Dr. Lee: We have something called My UPMC, which is basically an encouraged direct digital link and a communication tool between our patients and our providers. It’s HIPAA secure and so instead of using email and even telephone call it allows truly asynchronous communication with the providers, the physicians, nurses and APP’s with the patients that they can direct.

MA: That sounds handy for a good remote monitoring program. Do you think remote monitoring software has a big role to play in the shift to value based care?

Dr. Lee: Yea, we’re betting pretty big on that. I think if you look across the spectrum, the results of remote monitoring on readmission and hard endooints has been somewhat mixed. Some small programs have had some success but no one has really solved it because if they had we’d all be using that right? We have some important partnerships with some remote monitoring but we’re very focused on selecting the right population. The patient population where that’s going make the difference, we believe that that’s part of the problem.

MA: I see. What population do you feel it would be most effective for?

Dr. Lee: Well, if you pick the sickest population, no model of remote monitoring is going to make them better unfortunately. If you pick the least sick patients, they really don’t need much more resources because they do well any way. So, where is the sweet spot where additional resources spent on remote monitoring can make a meaningful difference? Like everyone else, we are struggling with that a little bit but that’s how we view the data. We don’t have an answer to what that sweet spot is because obviously were talking about utilizing increased resources for this population right, and we can’t afford to do it for every… If you take heart failure for example, we can’t really afford to do it for every patient who has heart failure.

MA: I see, what is the blocker exactly?

Dr. Lee: Well, the remote monitoring programs that we have are relatively resource intensive. They include physical devices that allow remote monitoring, vital signs and how the patients are doing, and then we also have to have personnel that are going take that information, analyze and flag it and then clinical people who are going respond to that. Getting all that data doesn’t help us if we’re not able to make decisions based on that data.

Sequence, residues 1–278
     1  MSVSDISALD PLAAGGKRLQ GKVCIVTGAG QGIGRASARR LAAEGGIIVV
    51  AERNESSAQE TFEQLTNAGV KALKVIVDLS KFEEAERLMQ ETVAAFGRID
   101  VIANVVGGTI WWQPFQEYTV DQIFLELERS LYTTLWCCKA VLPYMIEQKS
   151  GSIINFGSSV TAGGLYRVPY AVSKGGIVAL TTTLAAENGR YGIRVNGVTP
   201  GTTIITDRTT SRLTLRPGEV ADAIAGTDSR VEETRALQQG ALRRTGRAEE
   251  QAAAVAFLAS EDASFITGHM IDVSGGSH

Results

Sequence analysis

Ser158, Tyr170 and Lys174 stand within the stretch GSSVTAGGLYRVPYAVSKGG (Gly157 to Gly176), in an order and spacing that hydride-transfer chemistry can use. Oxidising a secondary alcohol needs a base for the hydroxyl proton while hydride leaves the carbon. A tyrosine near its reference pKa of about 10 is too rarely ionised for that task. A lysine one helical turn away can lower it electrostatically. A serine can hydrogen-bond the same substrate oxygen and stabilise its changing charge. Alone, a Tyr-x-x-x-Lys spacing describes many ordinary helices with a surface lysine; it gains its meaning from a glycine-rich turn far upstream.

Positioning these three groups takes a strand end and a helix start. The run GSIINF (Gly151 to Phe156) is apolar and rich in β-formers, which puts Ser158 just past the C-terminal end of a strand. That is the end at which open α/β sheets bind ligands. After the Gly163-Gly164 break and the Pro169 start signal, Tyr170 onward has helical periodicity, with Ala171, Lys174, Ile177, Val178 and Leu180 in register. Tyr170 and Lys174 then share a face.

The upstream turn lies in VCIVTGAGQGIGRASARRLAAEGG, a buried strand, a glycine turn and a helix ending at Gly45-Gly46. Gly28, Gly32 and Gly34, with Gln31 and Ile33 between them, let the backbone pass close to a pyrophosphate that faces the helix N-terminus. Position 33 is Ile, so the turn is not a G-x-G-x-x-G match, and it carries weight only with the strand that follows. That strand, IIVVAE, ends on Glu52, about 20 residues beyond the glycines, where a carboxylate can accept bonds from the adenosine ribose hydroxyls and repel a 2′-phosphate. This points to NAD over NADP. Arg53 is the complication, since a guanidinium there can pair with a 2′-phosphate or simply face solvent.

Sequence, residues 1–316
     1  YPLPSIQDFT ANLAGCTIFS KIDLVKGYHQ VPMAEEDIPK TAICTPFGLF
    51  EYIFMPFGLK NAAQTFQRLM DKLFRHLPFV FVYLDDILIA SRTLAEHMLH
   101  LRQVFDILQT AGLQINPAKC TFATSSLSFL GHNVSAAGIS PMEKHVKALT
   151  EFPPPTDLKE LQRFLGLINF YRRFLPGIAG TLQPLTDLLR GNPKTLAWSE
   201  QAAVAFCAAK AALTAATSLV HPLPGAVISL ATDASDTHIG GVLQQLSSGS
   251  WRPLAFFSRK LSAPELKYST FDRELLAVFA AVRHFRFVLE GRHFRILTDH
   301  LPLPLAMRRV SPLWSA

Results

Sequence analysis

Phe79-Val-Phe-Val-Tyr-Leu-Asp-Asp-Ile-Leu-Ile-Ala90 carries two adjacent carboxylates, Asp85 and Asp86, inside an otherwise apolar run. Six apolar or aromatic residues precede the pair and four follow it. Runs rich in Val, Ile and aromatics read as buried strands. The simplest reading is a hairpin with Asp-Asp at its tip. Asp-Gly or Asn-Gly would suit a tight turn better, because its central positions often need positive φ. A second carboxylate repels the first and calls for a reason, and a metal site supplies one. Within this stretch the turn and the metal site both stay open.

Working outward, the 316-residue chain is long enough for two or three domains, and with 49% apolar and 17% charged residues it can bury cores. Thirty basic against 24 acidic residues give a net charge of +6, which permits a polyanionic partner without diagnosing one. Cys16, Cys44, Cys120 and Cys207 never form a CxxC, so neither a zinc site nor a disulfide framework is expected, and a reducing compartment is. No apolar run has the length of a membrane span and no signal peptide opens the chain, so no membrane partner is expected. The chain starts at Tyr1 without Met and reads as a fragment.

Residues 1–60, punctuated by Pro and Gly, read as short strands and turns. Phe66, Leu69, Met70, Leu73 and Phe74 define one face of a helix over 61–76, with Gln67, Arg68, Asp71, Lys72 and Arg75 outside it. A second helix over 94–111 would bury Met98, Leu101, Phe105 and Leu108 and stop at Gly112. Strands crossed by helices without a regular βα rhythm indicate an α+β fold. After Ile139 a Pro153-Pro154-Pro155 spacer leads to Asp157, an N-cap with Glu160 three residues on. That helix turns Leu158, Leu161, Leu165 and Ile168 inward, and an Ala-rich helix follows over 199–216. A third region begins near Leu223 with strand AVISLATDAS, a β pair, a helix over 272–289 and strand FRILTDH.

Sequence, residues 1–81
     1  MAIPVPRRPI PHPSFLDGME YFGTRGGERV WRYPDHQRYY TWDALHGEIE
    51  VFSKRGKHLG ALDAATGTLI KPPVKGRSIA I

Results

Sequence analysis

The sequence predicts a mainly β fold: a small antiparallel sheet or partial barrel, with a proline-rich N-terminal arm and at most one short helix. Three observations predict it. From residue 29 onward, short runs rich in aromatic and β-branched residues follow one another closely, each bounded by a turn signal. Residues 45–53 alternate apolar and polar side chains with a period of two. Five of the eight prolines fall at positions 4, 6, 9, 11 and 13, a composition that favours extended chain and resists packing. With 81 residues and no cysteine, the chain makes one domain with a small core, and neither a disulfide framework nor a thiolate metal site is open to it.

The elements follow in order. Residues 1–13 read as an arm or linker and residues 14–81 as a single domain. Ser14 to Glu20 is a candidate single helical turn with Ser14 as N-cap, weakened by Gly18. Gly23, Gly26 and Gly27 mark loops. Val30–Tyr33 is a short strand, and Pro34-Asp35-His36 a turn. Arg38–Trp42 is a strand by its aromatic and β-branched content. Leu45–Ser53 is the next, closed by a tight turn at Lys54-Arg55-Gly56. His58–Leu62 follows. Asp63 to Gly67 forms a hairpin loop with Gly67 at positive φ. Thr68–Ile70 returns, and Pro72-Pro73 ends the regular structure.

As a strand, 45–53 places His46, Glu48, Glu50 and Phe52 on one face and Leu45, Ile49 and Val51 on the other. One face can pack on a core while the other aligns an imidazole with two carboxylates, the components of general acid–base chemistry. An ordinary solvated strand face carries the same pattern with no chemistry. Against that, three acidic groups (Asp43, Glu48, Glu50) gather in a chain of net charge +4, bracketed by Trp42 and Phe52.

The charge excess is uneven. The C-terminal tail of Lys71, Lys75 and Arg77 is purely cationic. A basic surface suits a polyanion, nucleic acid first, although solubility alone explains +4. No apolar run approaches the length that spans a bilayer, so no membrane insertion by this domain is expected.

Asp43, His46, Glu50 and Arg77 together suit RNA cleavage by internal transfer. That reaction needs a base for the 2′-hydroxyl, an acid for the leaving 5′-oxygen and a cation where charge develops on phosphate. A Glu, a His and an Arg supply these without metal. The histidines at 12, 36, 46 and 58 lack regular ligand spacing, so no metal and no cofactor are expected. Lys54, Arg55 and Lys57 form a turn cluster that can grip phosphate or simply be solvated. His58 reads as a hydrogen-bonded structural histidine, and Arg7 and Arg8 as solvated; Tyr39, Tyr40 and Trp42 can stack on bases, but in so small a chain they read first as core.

MA: Of course, yes that does sound resource intensive.

Dr. Lee: Right, and one of the advantages of remote monitoring in traditional cardiac rehab is that patients get monitored and they get identified earlier when they are falling into trouble. That’s truly one of the benefits.

MA: True, and as remote monitoring software develops, we will get to a place where the program won’t require so many analysts and clinicians. If the software used algorithms to send alerts, create population reports, other handy features like that; then you wouldn’t need that benefit.

Dr. Lee: Yes, and for now we very much have focused on looking at the parameters and doing analytics that can be auto measured. We want to be able to do it to a large population, I think this is part of the reason that a lot of the remote monitoring trials are very successful. They look at a small population but can’t scale up. You can do a great job if you have a really great study coordinator who’s a very good clinician, that clinician can make the system work. The problem is that only works if you have fifty patients, but what if you have ten thousand patients? That’s very difficult…

MA: I see, what hospitals need is a scalable remote monitoring program; as effective as with 10,000 patients as with 50…makes sense.

Dr. Lee, thank you for taking the time to speak with Feats in Heartbeats. Enjoy the rest of the conference!

Dr. Lee: Great, thank you.